Moreover, other speakers such as INS Correspondent Ruth Shick Montgomery referenced particular freedoms granted by the Constitution, such as freedom of the press (Wingo, 1956b). Specifically, Shick Montgomery (1956) discussed the practical responsibilities impressed upon reporters who are free from government control, such as responsible reporting, ethical reporting, and censorship. “In America, where we have the freest press and perhaps the best-informed public in the world, we are still far short of perfection” (Shick Montgomery, 1956, p. 8). Thus, she called attendees to a higher standard of responsibility and morality when it comes to the media.
Especially amidst wartime, the spirit of American freedom perpetuated a culture of nationalism capitalized on by the American Ideals conference speakers. By highlighting freedom and democracy in America as stated in fundamental documents such as the Declaration of Independence and the Constitution, the conference addresses communicated a sense of superiority, pride, and perfection in the American way of life.
As mentioned previously, the 1950s was rank with a hatred of Communism. And what better way to unite people (i.e., Americans) and establish a sense of nationalism than to declare a common enemy (i.e., Communism)? Naturally, given America’s warring state, Communism became a focal point of criticism at the conference, with an emphasis on its eradication to maintain a world and a country brimming with American ideals.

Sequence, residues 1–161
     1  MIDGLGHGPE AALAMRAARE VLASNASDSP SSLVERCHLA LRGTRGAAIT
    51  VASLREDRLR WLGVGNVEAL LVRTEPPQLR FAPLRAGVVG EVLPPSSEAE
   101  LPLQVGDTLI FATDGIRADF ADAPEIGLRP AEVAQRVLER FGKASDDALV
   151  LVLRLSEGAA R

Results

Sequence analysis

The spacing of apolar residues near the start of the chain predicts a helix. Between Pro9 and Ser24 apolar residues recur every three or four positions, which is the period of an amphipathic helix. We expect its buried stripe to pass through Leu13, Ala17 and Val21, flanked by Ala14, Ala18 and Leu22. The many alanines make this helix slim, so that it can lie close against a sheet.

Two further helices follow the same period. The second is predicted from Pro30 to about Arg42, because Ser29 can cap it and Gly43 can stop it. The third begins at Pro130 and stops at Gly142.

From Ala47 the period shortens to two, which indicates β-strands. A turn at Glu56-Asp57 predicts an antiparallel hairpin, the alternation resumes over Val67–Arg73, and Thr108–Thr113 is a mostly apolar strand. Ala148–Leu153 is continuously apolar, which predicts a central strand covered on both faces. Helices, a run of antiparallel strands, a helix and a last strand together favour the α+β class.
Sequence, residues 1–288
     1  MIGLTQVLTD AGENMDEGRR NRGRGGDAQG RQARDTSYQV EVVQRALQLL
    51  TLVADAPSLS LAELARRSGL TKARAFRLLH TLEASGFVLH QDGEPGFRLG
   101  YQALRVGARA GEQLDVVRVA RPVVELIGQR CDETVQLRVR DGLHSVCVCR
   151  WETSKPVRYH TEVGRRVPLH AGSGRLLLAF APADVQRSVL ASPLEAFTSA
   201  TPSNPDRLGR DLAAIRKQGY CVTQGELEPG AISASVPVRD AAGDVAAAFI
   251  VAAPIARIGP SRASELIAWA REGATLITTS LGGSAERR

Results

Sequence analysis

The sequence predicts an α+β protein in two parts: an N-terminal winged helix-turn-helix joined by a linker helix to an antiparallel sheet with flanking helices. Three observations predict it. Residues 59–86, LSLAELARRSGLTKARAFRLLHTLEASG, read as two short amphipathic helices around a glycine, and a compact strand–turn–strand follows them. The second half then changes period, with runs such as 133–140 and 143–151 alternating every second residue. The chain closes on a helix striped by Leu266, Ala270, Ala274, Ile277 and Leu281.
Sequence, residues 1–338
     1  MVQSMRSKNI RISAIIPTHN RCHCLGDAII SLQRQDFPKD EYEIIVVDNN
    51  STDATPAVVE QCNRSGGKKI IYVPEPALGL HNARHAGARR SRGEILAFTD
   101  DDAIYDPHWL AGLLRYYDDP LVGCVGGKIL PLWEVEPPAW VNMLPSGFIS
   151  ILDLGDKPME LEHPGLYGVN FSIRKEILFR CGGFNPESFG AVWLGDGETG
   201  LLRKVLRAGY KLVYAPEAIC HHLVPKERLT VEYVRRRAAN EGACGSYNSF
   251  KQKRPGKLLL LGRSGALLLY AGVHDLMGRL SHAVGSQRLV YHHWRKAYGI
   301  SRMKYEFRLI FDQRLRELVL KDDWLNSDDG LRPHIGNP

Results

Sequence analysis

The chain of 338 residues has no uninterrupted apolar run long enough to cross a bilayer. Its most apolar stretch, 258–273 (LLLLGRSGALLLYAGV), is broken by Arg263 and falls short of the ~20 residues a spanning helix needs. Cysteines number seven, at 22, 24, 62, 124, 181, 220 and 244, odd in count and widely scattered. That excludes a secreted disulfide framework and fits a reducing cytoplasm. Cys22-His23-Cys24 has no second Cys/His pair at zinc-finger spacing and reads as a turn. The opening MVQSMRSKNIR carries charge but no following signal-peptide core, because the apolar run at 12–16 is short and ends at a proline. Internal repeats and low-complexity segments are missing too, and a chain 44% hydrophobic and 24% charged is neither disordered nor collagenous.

At the very first conference, Paul Kayser, Houston lawyer and president of Western Natural Gas Company and El Paso Natural Gas Company, focused primarily on the combat against Communism as the focal point of his address (Vollmering, 1953a). The Baylor Lariat wrote, Kayser “singled out the Communist party as the enemy of American economy and of ideological debate” (Vollmering, 1953d). Furthermore, Kayser stated, “‘In my judgment…the world will never find peace and a forum where economic problems can be solved by intelligent logic until the communist party is destroyed by force either from within or from without’” (Vollmering, 1953d, p. 1). Thus, through creating an anger towards Communism, the conference cultivated a partiality towards the American ideal of freedom and democracy.
Although President Dwight D. Eisenhower was unable to give his address at the fourth Conference on American Ideals due to his health, the President did give his speech at the following May convocation (Wingo, 1956a). Unsurprisingly, President Eisenhower criticized Communism stating, “Communism denies the spiritual premises on which [Baylor’s] education has been based” (Eisenhower, 1956, p. 2). He continued to describe the horrors Communism had inflicted on Europe and how justice and redemption could only be found through faith. Through his denouncement of Communism, President Eisenhower endorsed the American ideal, embracing the biblical foundation of the United States and freedom granted by the American forefathers (Eisenhower, 1956).